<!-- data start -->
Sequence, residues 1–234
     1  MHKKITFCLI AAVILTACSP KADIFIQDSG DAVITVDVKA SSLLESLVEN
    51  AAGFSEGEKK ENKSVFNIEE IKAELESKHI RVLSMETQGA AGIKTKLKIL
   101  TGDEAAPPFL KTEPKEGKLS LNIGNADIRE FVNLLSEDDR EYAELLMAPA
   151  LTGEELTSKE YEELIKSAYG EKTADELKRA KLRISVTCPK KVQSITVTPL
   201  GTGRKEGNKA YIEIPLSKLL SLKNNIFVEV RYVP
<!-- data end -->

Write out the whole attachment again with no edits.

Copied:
Sequence, residues 1–234
     1  MHKKITFCLI AAVILTACSP KADIFIQDSG DAVITVDVKA SSLLESLVEN
    51  AAGFSEGEKK ENKSVFNIEE IKAELESKHI RVLSMETQGA AGIKTKLKIL
   101  TGDEAAPPFL KTEPKEGKLS LNIGNADIRE FVNLLSEDDR EYAELLMAPA
   151  LTGEELTSKE YEELIKSAYG EKTADELKRA KLRISVTCPK KVQSITVTPL
   201  GTGRKEGNKA YIEIPLSKLL SLKNNIFVEV RYVP